From our Honduras correspondent:
Working in often difficult and cramped conditions, Professor Guiliana Consuela Alvarez, a strikingly beautiful thirty-one year old, examines her oxygen tank. We are three kilometres below the surface of Lake Yojoa which at its deepest point was previously thought to measure only fifteen metres or so. The deep shaft she found in 2004 she believes to be the source of the Nile and is keen to show me the proof, I being the first European journalist to express an interest in her story.
Since discovering the shaft in this naturally volcanic region, the last four years have been spent painstakingly restoring a redundant submersible trawled off the lake floor by local fishermen. This being my first dive in such a craft, she laughs off my nervous questioning about safety issues, flicking and gently chewing her auburn hair.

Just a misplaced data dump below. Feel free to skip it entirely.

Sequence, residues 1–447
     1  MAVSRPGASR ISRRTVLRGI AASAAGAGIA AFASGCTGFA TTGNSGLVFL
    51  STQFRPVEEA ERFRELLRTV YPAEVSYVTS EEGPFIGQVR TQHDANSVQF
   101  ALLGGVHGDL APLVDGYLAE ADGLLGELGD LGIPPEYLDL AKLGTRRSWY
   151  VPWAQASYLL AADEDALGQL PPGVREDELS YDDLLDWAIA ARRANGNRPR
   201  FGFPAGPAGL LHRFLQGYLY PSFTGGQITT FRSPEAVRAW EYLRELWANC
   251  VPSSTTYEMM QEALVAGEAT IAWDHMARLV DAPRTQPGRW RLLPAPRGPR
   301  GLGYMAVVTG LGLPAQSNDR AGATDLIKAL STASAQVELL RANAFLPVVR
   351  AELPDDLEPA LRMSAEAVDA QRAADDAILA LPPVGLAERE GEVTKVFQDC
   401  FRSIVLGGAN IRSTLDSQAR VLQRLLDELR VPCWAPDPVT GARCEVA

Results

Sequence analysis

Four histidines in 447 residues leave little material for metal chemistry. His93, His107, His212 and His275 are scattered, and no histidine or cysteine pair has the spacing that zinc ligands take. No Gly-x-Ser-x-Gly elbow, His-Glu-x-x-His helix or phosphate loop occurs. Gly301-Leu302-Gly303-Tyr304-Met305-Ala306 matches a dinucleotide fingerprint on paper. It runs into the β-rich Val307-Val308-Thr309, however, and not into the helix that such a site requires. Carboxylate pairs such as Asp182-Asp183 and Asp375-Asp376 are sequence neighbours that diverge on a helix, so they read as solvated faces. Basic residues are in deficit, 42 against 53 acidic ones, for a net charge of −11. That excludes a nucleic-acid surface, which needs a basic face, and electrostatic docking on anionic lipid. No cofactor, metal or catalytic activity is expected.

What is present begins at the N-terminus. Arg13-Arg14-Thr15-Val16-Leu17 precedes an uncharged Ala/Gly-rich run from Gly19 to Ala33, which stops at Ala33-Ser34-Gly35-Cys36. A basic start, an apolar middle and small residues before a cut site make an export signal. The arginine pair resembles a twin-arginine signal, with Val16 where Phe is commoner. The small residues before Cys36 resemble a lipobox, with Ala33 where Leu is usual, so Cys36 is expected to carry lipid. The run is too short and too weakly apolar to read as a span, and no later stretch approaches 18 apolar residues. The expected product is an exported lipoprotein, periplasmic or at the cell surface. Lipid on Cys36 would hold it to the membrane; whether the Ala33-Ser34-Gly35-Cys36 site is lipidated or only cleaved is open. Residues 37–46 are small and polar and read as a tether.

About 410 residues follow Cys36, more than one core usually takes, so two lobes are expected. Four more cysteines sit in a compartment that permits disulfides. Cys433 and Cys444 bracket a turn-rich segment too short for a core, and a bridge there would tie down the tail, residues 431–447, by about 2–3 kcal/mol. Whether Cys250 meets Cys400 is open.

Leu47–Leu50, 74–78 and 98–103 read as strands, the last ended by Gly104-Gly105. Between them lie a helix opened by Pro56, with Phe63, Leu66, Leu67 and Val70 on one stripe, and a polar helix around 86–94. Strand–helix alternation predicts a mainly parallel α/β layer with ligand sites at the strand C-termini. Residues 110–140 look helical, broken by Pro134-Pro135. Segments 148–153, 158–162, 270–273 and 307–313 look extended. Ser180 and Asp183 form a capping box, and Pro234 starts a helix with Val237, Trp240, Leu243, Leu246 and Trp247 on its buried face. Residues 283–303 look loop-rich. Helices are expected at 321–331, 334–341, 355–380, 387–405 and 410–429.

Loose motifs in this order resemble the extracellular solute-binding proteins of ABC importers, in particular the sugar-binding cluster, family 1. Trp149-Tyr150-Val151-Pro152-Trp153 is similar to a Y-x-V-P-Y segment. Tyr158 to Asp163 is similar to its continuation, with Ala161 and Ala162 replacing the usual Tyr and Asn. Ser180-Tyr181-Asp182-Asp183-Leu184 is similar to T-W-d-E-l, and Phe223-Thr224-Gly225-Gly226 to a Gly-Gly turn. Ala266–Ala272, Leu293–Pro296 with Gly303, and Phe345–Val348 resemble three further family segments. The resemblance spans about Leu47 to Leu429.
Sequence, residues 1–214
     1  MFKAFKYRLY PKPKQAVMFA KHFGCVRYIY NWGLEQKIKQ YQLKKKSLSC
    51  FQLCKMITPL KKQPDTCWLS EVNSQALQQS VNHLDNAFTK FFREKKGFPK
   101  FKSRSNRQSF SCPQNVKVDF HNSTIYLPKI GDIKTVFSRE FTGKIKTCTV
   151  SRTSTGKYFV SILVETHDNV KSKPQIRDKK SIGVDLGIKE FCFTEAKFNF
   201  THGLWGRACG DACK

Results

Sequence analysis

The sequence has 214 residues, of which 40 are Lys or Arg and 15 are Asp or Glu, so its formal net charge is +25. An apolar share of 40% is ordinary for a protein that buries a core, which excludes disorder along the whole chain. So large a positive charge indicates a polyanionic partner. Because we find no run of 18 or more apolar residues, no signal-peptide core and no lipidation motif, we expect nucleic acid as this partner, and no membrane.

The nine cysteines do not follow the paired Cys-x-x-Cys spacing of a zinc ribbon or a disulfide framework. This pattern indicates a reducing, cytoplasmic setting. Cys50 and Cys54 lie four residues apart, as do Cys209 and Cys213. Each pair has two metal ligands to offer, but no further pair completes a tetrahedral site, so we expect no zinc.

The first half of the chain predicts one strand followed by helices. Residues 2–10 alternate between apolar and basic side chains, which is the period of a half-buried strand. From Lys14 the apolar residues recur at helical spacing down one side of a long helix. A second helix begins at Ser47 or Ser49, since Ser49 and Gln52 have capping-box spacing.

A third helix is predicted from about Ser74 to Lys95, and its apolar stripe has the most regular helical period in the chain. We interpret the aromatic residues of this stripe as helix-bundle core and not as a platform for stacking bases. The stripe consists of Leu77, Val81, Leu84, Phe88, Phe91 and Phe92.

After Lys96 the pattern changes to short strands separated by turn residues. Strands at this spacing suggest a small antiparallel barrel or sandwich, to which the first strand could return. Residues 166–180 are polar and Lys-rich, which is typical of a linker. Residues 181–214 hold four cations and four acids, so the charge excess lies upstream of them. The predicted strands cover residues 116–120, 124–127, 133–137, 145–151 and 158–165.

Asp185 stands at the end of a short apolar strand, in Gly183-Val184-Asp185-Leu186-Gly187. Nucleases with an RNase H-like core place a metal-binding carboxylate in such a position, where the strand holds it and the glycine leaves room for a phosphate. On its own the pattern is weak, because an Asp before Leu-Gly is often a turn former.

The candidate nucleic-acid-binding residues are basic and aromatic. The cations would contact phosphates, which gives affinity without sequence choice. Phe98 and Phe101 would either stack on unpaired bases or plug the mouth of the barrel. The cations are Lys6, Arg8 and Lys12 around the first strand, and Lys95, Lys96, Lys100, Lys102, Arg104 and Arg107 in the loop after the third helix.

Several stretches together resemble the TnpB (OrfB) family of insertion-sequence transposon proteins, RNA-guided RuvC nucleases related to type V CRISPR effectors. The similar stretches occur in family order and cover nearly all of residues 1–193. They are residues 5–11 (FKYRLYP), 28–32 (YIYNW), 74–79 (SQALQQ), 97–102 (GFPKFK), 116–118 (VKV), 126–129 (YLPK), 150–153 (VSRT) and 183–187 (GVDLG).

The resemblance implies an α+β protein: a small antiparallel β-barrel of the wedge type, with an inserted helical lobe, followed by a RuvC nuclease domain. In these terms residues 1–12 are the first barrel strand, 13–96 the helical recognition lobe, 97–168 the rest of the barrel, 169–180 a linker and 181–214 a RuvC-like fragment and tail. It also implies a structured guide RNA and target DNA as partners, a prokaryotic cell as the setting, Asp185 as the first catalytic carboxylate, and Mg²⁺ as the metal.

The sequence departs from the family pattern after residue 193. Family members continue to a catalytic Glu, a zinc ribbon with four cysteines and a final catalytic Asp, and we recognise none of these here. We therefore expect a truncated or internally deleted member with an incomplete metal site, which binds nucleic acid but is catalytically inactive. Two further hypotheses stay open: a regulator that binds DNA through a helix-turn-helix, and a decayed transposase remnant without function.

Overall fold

"My governemente, they refuse me funding for such an important project. I have wait many years for this momentito" she assures me. I pass her a spanner and we prepare for the "adventure of a lifetime" as she begins to unbolt one of the side panels. Suddenly and without warning, everything goes black, the worst thing she said could happen.
A week later I am discharged from hospital and make my way back to the airport past smiling and, some would say, smirking and giggling families, though visitors unfamiliar to local customs will not have heard from people like Professor Alvarez, that this is just their way of greeting 'gringos'.
(Note: This will be our last South American bulletin until further notice)